February 4, 1997
by Edmund Tsang
The public hearing on February 4 at noon at the Mobile City Council meeting to consider the proposal by Municipal Park Baseball Association (MPBA) will provide a test of the ordinance established in 1991 as a result of another similar project to turn natural areas of Langan Park into athletic fields. Under the ordinance, final approval of any future park development requires a vote of the City Council.
MPBA wants to build a women's softball field, a concession stand, restrooms, press box, 3 batting cages, and additional parking in Langan Park off Museum Drive to support women softball. The previous project in 1990, in which Dixie Youth Baseball built two baseball fields, a football field, and parking areas, ended poorly for Mobile's environment and taxpayers, and was a textbook case of old Mobile politics.
Charles Waller, whose council district includes Langan Park, said in a telephone interview that MPBA will present the final drawings for the project next Tuesday.
Councilman Waller said the project could be a potential joint venture between the city and the citizens in his district to improve a city property, with funding coming from both parties. When asked if the matching fund is based on 50 percent by the city and 50 percent by the private citizens group, Waller replied "Yes."
Currently there are no girls' softball fields in Mobile, Waller said, in response to a question on needs assessment that was raised by those who are opposed to converting natural areas of the park into athletic fields.
City Councilman Waller also said he is aware of the last project at Langan Park. "We will be going through every detail of their plan," Waller said. "No trees will be removed."
When asked how much it had cost the City of Mobile to remedy the erosion problems created by the previous park project, Waller said: "I was not in office then." But he believes "Municipal Park Baseball paid for the corrections."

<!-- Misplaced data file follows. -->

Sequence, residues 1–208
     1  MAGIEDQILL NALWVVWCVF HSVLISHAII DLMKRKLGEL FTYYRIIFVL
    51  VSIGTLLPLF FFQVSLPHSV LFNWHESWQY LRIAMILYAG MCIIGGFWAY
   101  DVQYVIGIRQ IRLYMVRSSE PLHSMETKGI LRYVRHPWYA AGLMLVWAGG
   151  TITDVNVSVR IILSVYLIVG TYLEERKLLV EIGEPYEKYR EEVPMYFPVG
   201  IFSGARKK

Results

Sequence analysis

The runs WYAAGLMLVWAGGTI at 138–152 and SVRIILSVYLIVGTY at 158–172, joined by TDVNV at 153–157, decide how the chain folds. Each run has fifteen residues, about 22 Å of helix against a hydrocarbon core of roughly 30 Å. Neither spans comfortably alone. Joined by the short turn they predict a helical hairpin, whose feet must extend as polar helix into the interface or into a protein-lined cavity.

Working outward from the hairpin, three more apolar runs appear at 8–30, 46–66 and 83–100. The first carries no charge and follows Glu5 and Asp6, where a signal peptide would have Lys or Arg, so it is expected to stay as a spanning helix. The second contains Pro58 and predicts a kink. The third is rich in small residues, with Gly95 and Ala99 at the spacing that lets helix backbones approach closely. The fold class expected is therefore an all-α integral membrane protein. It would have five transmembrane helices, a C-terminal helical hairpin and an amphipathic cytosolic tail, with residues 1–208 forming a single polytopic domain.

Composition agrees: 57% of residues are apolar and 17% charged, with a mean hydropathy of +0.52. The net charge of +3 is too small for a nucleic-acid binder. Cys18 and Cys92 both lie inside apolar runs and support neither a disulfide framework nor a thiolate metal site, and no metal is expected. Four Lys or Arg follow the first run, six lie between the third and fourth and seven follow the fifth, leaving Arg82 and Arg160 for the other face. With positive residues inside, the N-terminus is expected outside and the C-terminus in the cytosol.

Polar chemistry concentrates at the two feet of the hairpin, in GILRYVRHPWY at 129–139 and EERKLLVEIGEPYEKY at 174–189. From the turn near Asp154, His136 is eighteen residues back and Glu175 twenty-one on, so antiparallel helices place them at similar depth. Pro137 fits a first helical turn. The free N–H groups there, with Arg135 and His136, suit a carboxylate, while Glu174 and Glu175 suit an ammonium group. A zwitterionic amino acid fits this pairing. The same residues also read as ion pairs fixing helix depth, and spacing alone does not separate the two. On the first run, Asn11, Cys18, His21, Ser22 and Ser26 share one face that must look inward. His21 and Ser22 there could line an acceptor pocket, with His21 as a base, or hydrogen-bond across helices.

In June, 1990 about six acres of a naturally-wooded area of Langan Park were cleared to make way for baseball and football playing fields under the direction of Tommy Praytor. Some residents of Springhill Estates and Ravine Woods were surprised by the suddenness and apparent lack of a permit by the operator to bulldoze a city property, and they petitioned the City Council to appoint a committee to investigate "the circumstances under which the development ... has taken place and on what authority" and to find a compromise.
Even though the residents were able to get the City Council to temporarily halt further clearing, damage to Langan Park had already been done. Heavy rainfall in spring and summer of 1.99.1 resulted in several mud slides due to soil erosion caused by the clearing, and police had to close Museum Drive several occasions for safety reasons. The mud slide in May, -1991 carved a steep slope on the side of Langan Park near Ziegler Blvd., providing a short-cut connecting Museum Drive to the new ball fields by many players and their friends and families.
During deliberation by the committee, which was chaired by former council member John Peavy, it was learned that Tom Peavy, then City Engineer and father of city councilman John, issued verbally a land disturbance permit to Tommy Praytor, who was directing the expansion effort for Dixie Youth Baseball. The normal procedure requires the application be made in writing, and no written application from Dixie Youth Baseball existed.
At the time, John Peavy told The Harbinger that there was no conflict of interest in his chairing a committee tasked to determine the process by which Tom Peavy, his father, gave oral permission to Tommy Praytor, whom records in the probate court list as a member of John Peavy's 1989 City Council Election Committee, to bulldoze a city property. John. Peavy denied Praytor was a member of his campaign committee. ["This Is Your Father's Old Mobile," The Harbinger, May 20, 199.1.)